Review of the National Curriculum in England
The Department for Education has now announced the review of the primary and secondary National Curriculum in England - and they want to hear OUR opinions about what is taught in schools.
Phase 1 of the review will:
• define the overall shape and structure of the National Curriculum
• consider which subjects will be included, and which left out
• what support will need to be in place in schools to support this
It will also look at detailed programmes of study for English, Maths, Science and PE.
The DfE has launched a Call for Evidence from Jan – Apr 2011, seeking feedback from all interested parties. Ministers will announce which subjects will be included in the National Curriculum in Spring 2012.
The questions about languages in the online consultation ask:
Should languages be
a) part of the National Curriculum? In which key stages?
b) compulsory, but not part of the National Curriculum? In which key stages?
c) non-compulsory, but with a programme of study? In which key stages?
Phase 2 of the review will establish the detail for the remaining subjects forming part of the National Curriculum, or where there are non-statutory programmes of study.
The Call for Evidence for this phase will take place in Spring 2012, and final decisions on this phase will be announced in early 2013.
What to do:
Three crucial things to do NOW:
1. Talk to us
We will be collecting your opinions on how languages should be taught in schools, to present to ministers as part of the review. ALL has regular meetings with the DfE, and is in a good position to influence language teaching policy for the better.
We want to make the best possible case for language learning to be an integral part of the core curriculum in primary and secondary education. We need your views!
You can talk to us:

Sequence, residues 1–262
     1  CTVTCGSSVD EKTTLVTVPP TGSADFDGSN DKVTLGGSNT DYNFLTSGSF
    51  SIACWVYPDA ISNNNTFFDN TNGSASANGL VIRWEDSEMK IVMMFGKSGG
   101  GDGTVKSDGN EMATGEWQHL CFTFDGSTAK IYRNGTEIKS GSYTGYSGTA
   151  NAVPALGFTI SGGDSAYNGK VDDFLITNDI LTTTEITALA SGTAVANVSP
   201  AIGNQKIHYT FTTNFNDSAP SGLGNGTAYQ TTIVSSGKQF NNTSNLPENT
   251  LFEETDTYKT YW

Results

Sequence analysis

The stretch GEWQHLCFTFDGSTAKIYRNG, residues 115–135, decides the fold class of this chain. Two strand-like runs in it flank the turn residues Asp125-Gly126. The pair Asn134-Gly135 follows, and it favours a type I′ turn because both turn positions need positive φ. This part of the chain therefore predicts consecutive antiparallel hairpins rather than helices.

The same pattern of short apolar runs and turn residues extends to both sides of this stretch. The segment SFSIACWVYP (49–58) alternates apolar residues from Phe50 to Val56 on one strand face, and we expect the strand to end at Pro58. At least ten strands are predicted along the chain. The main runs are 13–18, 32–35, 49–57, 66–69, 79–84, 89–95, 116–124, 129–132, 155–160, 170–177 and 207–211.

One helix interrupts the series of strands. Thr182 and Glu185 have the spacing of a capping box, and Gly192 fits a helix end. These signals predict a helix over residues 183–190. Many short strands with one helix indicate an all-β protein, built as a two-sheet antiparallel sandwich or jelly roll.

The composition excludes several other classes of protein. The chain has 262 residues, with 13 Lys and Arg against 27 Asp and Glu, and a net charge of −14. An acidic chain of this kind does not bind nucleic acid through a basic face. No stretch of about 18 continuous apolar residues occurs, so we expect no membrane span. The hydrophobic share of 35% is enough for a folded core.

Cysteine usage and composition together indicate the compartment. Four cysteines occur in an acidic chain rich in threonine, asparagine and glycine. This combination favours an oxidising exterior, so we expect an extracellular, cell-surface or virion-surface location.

• By Email: to firstname.lastname@example.org,
• On Facebook: www.facebook.com/alllanguages.org.uk,
• On Twitter: http://twitter.com/wendynewman1,
• By Post: to: Association for Language Learning, University of Leicester, University Road, Leicester LE1 7RH.
• As a group: why not organise a meeting – at an ALL event, in your department, in the staff room, at home or in the pub – and let us have your group’s feedback?
2. Respond directly to the Department for Education
We need language teachers to respond individually to the DfE as well. This is our chance to shape future language teaching policy. This is our opportunity, as a community, to speak up for our subject and make our voices heard.
You can do this in the following ways:
• Online: view the consultation document and respond on the DfE website.
• By Email: to NCReview.RESPONSES@education.gsi.gov.uk,
• By Post: download the documents online, and send them to: Department for Education, Consultation Unit, Area Level 1 C, Castle View House, East Lane, Runcorn, Cheshire, WA7 2GJ.
• On Facebook: information on the curriculum review: www.facebook.com/educationgovuk.
3. Encourage others to respond
The voices of language teachers across the country area very important to shaping the future curriculum. But we also need voices outside our own community to make the case for languages: school governors, parents, local business people, key colleagues in other educational sectors: please encourage everyone to voice their support for languages through the channels mentioned above.
In our September 2010 consultation with members on the current state of language teaching, a Head of Languages at a secondary school in the North East summed up what so many of us feel……
“We as a body of professionals need to get together and say what we believe are the most effective pedagogical approaches to language learning... We are the people we have been waiting for”
Keep ahead of the game...
In this time of change, don’t forget to keep checking the ALL website for all the latest news in languages education.
Teachers leading change:
Language World 2011 will give us the chance to get together to debate some of the crucial issues – it’s the biggest CPD event of the year for languages teachers and this year it will be more important than ever for teachers to attend. If we are to revitalize language teaching in our schools we need to work together and learn from one another.
Language World – by teachers, for teachers.